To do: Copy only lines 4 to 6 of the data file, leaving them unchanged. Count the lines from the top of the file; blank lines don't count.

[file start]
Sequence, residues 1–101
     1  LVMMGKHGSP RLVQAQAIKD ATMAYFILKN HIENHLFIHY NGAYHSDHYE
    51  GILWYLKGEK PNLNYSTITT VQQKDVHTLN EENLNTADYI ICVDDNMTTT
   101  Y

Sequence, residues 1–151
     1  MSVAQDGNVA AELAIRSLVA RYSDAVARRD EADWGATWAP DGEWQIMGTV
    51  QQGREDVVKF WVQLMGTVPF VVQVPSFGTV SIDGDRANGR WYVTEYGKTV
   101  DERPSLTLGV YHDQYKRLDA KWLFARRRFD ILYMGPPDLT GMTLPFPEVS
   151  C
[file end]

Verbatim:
   101  Y

Sequence, residues 1–151
     1  MSVAQDGNVA AELAIRSLVA RYSDAVARRD EADWGATWAP DGEWQIMGTV